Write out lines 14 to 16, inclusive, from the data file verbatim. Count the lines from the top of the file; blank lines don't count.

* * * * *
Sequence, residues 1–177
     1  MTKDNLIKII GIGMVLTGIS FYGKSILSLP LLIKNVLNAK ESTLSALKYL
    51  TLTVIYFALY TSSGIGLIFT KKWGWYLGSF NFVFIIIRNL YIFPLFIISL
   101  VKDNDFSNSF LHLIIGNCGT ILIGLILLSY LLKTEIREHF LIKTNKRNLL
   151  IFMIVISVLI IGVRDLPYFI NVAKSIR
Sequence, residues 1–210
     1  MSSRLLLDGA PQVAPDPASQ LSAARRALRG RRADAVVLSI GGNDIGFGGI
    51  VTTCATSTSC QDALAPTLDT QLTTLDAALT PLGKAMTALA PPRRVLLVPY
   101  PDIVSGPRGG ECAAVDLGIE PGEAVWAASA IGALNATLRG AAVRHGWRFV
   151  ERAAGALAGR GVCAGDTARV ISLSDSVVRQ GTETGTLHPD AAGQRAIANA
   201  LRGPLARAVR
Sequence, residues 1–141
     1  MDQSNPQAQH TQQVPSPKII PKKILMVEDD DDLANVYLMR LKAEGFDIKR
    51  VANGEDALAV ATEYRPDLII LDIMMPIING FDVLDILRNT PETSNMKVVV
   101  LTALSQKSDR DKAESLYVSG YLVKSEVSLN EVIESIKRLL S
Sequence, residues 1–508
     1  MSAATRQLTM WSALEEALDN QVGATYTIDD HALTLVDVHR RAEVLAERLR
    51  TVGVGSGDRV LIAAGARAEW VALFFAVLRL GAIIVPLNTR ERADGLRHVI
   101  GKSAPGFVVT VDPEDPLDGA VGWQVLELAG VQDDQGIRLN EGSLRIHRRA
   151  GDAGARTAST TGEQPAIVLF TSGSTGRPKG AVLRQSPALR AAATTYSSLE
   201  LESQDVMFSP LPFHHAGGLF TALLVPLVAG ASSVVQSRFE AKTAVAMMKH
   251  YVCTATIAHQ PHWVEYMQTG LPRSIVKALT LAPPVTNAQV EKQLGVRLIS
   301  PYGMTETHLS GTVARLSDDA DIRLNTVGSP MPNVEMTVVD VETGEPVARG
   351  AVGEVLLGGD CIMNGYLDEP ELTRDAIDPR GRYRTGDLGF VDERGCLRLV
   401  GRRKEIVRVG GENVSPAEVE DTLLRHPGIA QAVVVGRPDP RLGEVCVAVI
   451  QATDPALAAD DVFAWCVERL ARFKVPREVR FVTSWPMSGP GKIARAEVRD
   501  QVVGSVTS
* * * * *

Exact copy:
    51  VANGEDALAV ATEYRPDLII LDIMMPIING FDVLDILRNT PETSNMKVVV
   101  LTALSQKSDR DKAESLYVSG YLVKSEVSLN EVIESIKRLL S
Sequence, residues 1–508